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Functional testing

What is functional testing?

  • Smoke testing
  • Regression testing
  • Integration testing
  • Acceptance testing

What is functional testing?

Functional testing is testing software on the basis of the functional description of the software in order to evaluate its quality and track down potential errors. This concerns the testing of a (pre)defined situation. You essentially compare the outcome of the development to what you wrote down about this beforehand.

  • Which functions is the software expected to have?
  • With which data will we test the described functions and in what way?
  • What outcome do we expect with this data?
  • Performing the test Compare the actual outcome with the expected outcome to see whether the application meets the expectations.

Test scenario (data)  ⇒  Test case  ⇒  Test output  ⇒  Result

Types of functional tests.

There are various types of functional tests that are used throughout the entire software development process and that can optimally align the quality of the delivered product with the desired quality. In order to optimally benefit from this, it is not enough to have the developer do a bit of testing and to put the consultant on this afterwards. Functional testing is performed throughout the entire chain of development and is an art in itself, which should be carried out by specialists.

Common types of functional testing:

  • Unit testing. These tests are often performed by the software developers themselves. They test the code they write on aspects like completeness and methodology. In the framework of functional testing, this is about whether the code is written properly and thus functions.
  • Smoke testing. This is an initial test meant to indicate whether the basic functions are working properly. Using a number of test cases, tests are performed to check whether this version of the software is stable and ready for further development and testing.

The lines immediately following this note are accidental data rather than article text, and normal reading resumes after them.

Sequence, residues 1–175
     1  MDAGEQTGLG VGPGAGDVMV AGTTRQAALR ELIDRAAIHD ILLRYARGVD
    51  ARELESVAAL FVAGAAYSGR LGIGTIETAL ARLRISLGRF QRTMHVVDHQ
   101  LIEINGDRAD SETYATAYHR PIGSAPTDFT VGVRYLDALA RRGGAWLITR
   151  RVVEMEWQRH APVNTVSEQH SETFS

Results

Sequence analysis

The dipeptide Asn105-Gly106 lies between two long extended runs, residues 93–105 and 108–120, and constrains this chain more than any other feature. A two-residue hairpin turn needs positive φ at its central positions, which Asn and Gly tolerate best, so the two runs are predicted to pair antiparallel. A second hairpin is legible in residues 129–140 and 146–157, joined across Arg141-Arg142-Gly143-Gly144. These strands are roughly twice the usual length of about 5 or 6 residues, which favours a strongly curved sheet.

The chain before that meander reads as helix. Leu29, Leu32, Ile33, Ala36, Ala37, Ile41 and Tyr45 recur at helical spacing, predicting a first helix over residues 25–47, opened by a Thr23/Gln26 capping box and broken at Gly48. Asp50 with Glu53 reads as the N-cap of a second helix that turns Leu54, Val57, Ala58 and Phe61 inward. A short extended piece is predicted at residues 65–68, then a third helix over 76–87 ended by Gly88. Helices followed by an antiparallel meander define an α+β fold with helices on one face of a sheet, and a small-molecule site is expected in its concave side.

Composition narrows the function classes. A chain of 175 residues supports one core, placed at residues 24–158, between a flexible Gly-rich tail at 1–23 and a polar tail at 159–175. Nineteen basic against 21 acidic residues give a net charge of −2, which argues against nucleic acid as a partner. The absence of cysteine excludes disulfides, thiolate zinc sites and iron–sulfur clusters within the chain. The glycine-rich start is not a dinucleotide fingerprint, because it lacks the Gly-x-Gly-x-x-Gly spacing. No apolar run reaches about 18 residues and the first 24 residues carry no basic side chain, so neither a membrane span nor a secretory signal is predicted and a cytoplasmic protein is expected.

• Sanity testing. This is usually carried out after the smoke test in order to check whether all the primary and important functions of the code are working properly (“are they sane”).
  • Regression testing. A regression test examines whether all system components still function properly after modifications are made to the software.  The focus often lies on components that could potentially be affected by the modifications to the software or where errors in the software were discovered.
  • Integration testing. When different components of the software have to work together, these relationships must be tested. In other words; are they properly integrated?
  • Acceptance test. Also referred to as beta test or usability test. This method of testing is intended to ascertain whether the software is ultimately doing what is expected of it. So in a client situation, this is a test that shows whether the software development is accepted on the basis of the formulated functional requirements. Within Agile development, User Stories can be used for this.

Functional and non-functional testing.